Ninety days in a psyche ward with a full psyche evaluation, a $500 fine, and 200 community service hours; that’s what carrying out the will of the universe got him. And unanswered questions. How long had he been hearing voices and what were they telling him to do? Did he have a history of mental illness in the family? They prescribed medication for him but told him to find out his biological mother’s mental illness history so that he could have a nuanced understanding of his genetic condition.

It was actually much simpler to track down his biological mother than he ever would have thought. A simple phone call to the adoption agency and a bit of paperwork to officially unseal his adoption records, which he had the authority to do upon his 18th birthday. Her name was Clarissa Forthwright, and she lived in the neighborhood. She did have a history of mental illness but her medical records on file were sealed and could not be released without her consent. In addition to the address on file, the apartment agency had given him a phone number, but this wasn’t one of those introductions you make over the phone.

And here we are. Here he stands, on the street, after following her from her beautiful red brick layered apartment building on the upper west side, just a 15 minute drive from his own dilapidated apartment on the lower east side.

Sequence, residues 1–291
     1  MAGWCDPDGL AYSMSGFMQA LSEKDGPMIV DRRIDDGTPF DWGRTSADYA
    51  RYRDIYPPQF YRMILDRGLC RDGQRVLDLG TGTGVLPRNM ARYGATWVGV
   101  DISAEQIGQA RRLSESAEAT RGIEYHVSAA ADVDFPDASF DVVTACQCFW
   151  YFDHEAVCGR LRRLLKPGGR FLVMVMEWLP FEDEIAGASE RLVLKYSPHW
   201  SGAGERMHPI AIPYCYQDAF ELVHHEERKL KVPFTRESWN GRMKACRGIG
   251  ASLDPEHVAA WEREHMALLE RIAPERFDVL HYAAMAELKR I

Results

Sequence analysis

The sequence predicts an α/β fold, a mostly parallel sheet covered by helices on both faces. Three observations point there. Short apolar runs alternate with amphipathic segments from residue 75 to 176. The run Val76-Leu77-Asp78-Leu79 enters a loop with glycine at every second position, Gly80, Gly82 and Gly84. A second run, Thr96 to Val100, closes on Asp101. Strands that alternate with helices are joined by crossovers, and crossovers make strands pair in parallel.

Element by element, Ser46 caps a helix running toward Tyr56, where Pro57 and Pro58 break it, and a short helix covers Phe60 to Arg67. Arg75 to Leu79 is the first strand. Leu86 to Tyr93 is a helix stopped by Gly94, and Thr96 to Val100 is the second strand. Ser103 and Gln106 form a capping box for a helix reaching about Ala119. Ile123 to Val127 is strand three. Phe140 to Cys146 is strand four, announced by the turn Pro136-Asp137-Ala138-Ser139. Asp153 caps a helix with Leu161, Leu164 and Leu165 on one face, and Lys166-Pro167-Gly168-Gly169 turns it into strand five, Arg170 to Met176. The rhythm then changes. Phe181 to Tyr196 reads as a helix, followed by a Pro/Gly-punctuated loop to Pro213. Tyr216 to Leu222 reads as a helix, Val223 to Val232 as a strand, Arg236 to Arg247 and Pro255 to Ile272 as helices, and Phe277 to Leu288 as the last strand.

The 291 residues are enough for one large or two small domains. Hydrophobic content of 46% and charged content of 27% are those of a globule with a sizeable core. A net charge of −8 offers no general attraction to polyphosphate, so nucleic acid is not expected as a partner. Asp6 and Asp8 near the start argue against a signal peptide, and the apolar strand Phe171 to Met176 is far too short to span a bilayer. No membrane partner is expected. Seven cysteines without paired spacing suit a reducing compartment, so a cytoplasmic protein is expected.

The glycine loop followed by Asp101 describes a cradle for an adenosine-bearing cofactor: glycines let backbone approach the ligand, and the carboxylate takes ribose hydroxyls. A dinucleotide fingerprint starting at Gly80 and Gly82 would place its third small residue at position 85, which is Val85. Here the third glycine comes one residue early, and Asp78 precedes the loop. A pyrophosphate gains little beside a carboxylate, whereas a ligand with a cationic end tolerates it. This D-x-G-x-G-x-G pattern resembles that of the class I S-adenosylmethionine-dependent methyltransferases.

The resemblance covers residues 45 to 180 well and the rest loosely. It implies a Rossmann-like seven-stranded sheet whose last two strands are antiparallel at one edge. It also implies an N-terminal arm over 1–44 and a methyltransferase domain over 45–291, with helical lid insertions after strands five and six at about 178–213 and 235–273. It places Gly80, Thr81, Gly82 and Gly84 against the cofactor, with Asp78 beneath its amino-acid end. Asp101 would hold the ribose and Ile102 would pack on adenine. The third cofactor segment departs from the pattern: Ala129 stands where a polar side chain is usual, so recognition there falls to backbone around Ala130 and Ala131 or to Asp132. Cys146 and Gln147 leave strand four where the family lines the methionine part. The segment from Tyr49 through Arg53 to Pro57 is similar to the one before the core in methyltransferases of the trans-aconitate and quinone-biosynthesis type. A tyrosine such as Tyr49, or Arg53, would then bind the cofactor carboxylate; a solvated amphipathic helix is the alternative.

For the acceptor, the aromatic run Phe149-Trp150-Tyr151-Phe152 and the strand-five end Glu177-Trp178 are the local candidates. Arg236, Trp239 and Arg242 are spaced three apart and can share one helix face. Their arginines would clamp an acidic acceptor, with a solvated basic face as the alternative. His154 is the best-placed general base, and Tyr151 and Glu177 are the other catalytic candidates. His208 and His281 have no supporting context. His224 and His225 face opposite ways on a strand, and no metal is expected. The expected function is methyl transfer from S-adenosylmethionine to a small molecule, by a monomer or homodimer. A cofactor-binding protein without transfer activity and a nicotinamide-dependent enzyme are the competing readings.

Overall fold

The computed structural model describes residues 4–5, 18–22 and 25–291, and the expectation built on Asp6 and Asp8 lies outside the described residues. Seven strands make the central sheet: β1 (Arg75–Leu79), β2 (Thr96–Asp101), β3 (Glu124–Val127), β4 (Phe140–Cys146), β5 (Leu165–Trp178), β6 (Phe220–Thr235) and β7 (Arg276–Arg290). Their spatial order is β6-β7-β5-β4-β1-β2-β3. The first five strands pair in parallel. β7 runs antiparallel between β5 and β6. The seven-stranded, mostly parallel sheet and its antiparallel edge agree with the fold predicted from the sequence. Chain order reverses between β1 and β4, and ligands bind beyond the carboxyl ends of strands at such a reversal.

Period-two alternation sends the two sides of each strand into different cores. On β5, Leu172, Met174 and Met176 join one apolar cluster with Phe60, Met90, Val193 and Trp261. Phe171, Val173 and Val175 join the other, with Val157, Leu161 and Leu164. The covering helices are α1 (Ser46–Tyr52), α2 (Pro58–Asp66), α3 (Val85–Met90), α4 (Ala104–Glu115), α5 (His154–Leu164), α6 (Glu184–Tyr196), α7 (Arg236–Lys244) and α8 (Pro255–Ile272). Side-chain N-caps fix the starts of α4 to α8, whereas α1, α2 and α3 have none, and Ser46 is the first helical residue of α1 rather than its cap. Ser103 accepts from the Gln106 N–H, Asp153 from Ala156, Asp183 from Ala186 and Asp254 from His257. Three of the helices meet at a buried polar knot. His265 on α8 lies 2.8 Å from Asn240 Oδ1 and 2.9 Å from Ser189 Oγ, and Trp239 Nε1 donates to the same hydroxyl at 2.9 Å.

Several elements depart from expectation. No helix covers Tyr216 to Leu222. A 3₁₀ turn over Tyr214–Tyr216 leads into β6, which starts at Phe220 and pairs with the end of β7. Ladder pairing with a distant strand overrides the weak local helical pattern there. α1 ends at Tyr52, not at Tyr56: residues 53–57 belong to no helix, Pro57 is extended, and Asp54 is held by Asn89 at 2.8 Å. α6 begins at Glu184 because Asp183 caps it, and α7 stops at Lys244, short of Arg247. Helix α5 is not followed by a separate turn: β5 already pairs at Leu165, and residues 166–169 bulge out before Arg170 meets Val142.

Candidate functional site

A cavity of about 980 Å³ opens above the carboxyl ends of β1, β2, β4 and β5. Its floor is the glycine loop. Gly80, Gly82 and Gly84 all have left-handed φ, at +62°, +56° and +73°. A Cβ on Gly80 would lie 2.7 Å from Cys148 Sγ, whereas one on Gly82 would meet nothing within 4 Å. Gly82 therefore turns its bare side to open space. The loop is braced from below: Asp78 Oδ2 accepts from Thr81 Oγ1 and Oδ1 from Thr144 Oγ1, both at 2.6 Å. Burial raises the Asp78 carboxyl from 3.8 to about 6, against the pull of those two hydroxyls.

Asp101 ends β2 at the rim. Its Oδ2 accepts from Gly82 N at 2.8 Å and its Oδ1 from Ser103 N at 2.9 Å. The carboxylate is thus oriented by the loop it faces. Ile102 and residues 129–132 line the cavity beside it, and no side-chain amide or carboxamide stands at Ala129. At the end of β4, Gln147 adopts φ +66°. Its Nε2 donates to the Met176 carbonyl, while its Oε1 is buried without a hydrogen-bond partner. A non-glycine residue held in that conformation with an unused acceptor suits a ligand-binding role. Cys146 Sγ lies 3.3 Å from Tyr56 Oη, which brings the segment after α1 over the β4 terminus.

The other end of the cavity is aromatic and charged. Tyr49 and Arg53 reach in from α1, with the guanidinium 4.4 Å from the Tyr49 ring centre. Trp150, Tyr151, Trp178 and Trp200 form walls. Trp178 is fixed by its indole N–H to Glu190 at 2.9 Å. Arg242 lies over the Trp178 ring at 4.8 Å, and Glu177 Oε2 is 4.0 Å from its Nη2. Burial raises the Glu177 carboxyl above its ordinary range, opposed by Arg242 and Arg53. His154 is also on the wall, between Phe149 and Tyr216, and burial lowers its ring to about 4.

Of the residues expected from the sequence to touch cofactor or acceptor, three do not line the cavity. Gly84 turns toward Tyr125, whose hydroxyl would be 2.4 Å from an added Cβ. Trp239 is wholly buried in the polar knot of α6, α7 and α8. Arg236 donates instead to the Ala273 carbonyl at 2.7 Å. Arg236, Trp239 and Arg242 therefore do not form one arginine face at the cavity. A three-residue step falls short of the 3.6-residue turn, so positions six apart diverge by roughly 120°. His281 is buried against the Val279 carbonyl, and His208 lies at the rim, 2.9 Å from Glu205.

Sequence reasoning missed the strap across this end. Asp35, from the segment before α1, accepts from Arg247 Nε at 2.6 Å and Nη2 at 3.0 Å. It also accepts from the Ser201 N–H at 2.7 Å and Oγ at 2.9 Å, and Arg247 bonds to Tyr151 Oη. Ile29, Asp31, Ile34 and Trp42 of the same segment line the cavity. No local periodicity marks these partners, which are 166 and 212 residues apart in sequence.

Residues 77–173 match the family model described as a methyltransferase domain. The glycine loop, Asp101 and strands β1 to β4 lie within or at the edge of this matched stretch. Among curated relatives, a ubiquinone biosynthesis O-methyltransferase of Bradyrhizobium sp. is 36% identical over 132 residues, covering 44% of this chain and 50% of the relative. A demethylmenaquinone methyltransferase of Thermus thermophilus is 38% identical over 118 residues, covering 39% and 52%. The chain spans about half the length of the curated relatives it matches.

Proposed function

The waiting had started out innocently enough. He drove to her house one day after work, thinking he would just knock on the door, but he couldn’t get out of the car. He spent two hours sitting there and finally just drove away. That weekend he went back, and ended up spending the whole day parked outside her townhouse. And the same thing happened the next weekend. That’s when he started noticing her habits. The light in the second floor window would turn on around 8:30am. Then, sometime between 10–10:30am she would emerge, dressed pristinely in that white pea coat holding a clutch purse. Today she was wearing stiletto boots and her hair was pulled back into a neat pony tail.

He had followed her on foot. Four blocks, turned left once, then two more blocks and left again before darting across the street and into the nail salon.

And now here he stands, in the flat mid-morning light in the empty street. What now? Does he wait outside her apartment again tomorrow to introduce himself? How crazy would that be? Hi, remember me, the guy from the salon with the magazine about decks? Not exactly the kind of first impression that he had hoped for. But he needs answers.

“I’m NOT crazy for doing this” he said to himself walking down the empty street under the cloudy afternoon sky.


Originally published at brittirby.wordpress.com on February 16, 2017.

One clap, two clap, three clap, forty?

By clapping more or less, you can signal to us which stories really stand out.